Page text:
Explore the ways that Shakespeare links madness with love to create comedy in Twelfth Night
Twelfth Night or What You Will, which was first performed in 1602, includes words such as “mad”, “madman” and “madness” more than any other Shakespearean play. It is a reasonable assumption that Shakespeare was interested in the connections between madness and love and desired to explore it in Twelfth Night, which is undoubtedly one of his greatest comedies. The general comedy and chaos that results from madness and confusion, references the ritualised chaos of the twelfth night holiday (the Christian feast of the Epiphany) in Renaissance England.
Madness and love are two key themes of Shakespeare’s play, Twelfth Night. The characters in the play, who are inspired by comedia stock characters, are the true source of the madness and love in Illyria; for example, Malvolio would be one of the funniest characters to the audience, however this humour is rooted in the madness of Malvolio’s misfortune.
A sense of dark humour is portrayed when Malvolio is tricked into thinking that Olivia loves him and is then imprisoned. The heightening sense of dark humour is portrayed when Malvolio miserably questions why he had to suffer and be “imprisoned, kept in a dark house, visited by the priest, and made the most notorious geck and gull
that e’er invention played on?” (Act 5, Scene 1). The semantic field of internal pain, consisting of “imprisoned…dark…geck” may have different effects on various audiences from different eras, for example, an Elizabethan audience may find this more humorous than a modern day audience due to different cultural views; Elizabethan audiences commonly watched hangings of people or bear fights for entertainment. This is evident when Maria says they need to “set the trap” when describing the plot against Malvolio. The word “trap” has the connotation of animals, which therefore links to the idea of Malvolio being treated like an animal, which somehow creates humour. An alternative viewpoint could be that a modern day audience would use the quote to sympathize with Malvolio as the love he felt for Olivia was used for a joke. Due to this quote being at the end of the play, it illustrates their doomed love as all the characters finds their lover except Antonio and Malvolio. This may cause sympathy for the audience towards Malvolio or, more likely, humour, as Malvolio could be seen as deserving the trick against him. This could be, because of the way he treated others due to him being power hungry or because of him being a puritan. From this, it is evident that one way Shakespeare links madness with love to create humour is through misfortune.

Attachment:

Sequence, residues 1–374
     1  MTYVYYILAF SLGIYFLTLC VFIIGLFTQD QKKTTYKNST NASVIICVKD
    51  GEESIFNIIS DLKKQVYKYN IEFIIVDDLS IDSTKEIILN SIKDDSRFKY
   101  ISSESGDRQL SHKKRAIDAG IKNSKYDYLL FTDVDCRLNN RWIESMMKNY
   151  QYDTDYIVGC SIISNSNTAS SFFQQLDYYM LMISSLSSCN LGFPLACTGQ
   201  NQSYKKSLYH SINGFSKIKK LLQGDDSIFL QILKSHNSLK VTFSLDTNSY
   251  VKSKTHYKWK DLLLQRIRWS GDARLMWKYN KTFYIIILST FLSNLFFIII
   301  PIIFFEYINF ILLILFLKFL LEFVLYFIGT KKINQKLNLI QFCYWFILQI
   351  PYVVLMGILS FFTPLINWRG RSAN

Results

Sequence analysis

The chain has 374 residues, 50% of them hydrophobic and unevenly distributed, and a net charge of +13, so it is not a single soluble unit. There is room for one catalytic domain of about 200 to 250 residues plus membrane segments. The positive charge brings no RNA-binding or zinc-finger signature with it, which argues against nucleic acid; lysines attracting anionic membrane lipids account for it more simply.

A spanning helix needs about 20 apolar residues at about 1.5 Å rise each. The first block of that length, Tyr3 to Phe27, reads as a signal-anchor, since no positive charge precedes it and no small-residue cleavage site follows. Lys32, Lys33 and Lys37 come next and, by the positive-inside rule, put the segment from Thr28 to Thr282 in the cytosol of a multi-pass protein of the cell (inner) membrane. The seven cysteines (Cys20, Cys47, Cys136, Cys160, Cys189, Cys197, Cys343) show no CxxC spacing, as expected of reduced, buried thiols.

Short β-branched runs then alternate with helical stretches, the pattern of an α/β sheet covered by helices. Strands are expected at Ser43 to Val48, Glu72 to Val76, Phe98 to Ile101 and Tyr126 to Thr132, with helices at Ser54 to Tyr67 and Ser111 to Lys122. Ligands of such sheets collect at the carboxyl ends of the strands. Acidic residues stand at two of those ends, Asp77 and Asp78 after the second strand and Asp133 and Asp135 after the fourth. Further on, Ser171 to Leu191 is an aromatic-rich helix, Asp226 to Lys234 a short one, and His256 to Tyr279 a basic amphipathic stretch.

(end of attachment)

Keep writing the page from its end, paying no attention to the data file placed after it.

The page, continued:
The audience also sees that love makes you do mad things, especially through Malvolio. Upon receiving the fake letter that is supposedly from Olivia, Malvolio’s nature suddenly changes because “for every reason excites to this, that my lady loves me” (Act 2, Scene 5) which consequently results in Malvolio going entirely against his nature by being “strange, stout, in yellow stockings.” This creates humour for the audience as they see Malvolio going against his nature by smiling and wearing yellow stockings, as he is a puritan. An alternative viewpoint could be that a modern day audience may find this to not be mad but more romantic as Malvolio is so deeply in love and is willing to change completely for Olivia. Another alternative interpretation could be that Malvolio desperately wants to be loved, which would most probably make an audience sympathize for Malvolio. This can be seen through the use of “my lady loves me.”
In addition, we see through Malvolio’s misfortune, that some of the acts of madness are connected to social status being broken, such as servants manipulating and controlling their masters. For example, Maria plans her trick on Malvolio and orders Sir Toby, Sir Andrew and Fabian to carry out the plan. Furthermore, Olivia falls in love with...
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